Columbia Professor Under Fire for Referring to Zionists As ‘Hyenas’
Columbia University is facing pressure to discipline Iranian Studies and Comparative Literature professor Hamid Dabashi after he referred to Zionists, among other things, as “hyenas.”
On May 8, Dabashi posted on Facebook, “Every dirty treacherous ugly and pernicious happening in the world just wait for a few days and the ugly name ‘Israel’ will pop up in the atrocities.”
Also on Facebook, Dabashi referred to Iran-deal critics as “Fifth Column Zionists working against the best interest of Americans and for the best interests of Israelis,” And, “These laughing hyenas — the Zionists the Saudis and the US neocons that are f***** with the wrong country [Iran].”
According to the pro-Israel watchdog Canary Mission, Dabashi has a history of anti-Semitic attacks, including calling Israel Justice Minister Ayelet Shaked “Neo-Nazi scum” in 2015, claiming Israel has engaged in “ethnic cleansing” and comparing Israel to ISIS. As the Journal has previously reported, Dabashi has also referred to Zionists as “master thieves.”
After Dabashi’s latest Facebook posts, the Anti-Defamation League’s New York regional director, Evan Bernstein, wrote in an email to the Journal: “Columbia Professor Hamid Dabashi’s statements accusing Israel of being behind ‘Every dirty treacherous ugly and pernicious act happening in the world’ are clearly anti-Semitic and deeply problematic. Statements like these don’t belong in academia, or anywhere, and there is no justification for this kind of hurtful rhetoric, particularly from someone who is entrusted with shaping young minds at such a respected institution of higher learning.’ ”
Alums for Campus Fairness, a pro-Israel watchdog, sent a letter to Columbia President Lee Bollinger calling on him to “confront” Dabashi.
“Professor Dabashi’s statements echo the common anti-Semitic canards and meet the working definition of anti-Semitism that the State Department has been using for years,” the letter states. “The International Holocaust Remembrance Alliance definition of anti-Semitism, which has been adopted by the US and 30 other member states, clearly states that ‘accusing Jewish citizens of being more loyal to Israel, or to the alleged priorities of Jews worldwide, than to the interests of their own nations’ is anti-Semitic.”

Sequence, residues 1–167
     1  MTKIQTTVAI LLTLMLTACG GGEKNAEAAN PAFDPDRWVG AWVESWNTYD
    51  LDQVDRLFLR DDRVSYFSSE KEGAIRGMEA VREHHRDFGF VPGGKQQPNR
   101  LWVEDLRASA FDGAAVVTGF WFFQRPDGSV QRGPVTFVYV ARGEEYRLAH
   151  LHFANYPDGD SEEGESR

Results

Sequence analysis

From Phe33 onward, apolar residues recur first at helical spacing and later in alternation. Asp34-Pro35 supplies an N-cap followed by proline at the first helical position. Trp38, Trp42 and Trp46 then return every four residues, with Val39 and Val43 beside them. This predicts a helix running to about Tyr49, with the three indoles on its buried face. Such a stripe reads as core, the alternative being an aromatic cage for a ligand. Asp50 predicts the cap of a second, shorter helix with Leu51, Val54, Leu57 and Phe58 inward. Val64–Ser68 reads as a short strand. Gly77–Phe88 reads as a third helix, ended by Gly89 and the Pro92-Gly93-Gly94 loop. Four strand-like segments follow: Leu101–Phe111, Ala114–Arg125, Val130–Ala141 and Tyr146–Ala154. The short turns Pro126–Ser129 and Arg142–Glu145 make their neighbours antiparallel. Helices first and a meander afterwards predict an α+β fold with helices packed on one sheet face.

The letter then issued four requests to Bollinger: denounce Dabashi’s comments; make it clear that Jewish and pro-Israel students are welcome on campus; discuss how campus climate can be improved; and forbid Dabashi from teaching at the school until he ceases his “anti-Semitic rhetoric.”
“This is not a free speech issue trying to prevent Professor Dabashi from espousing his personal opinions on his own time,” the letter states. “He does not, however, have the right to create a hostile environment on campus for Jewish, Israeli and pro-Israel students who are entitled — like every student — to a safe and welcoming learning environment.”
The signatories on the letter include representatives from StandWithUs, The Lawfare Project, the Simon Wiesenthal Center and Students Supporting Israel as well as numerous Columbia faculty and staff.
“Having professors at major US universities that demonize Israel is more the norm today but depicting Zionists, including donors, colleagues, and students is beneath contempt,” Rabbi Abraham Cooper, associate dean and global action head of the Simon Wiesenthal Center wrote in an email to the Journal. “Columbia and other institutions of higher learning are going to have to come up with strategies to respond to this ongoing demonization of the Jewish people.”
One signatory, Columbia’s Chabad co-director Rabbi Yonah Blum, told the Journal in a Facebook message, “My wife Keren and I have been fielding an increasing amount of student complaints: Students feeling intimidated by the growing anti-Israel and as of recent a more blatant anti-Jewish sentiment, on campus.”
“Comments from tenured faculty in the classroom and on social media, like the recent statements of Prof. Dabashi carry a different weight of legitimacy than the those from fellow students,” Blum wrote.
Dabashi and Columbia did not respond to the Journal’s requests for comment.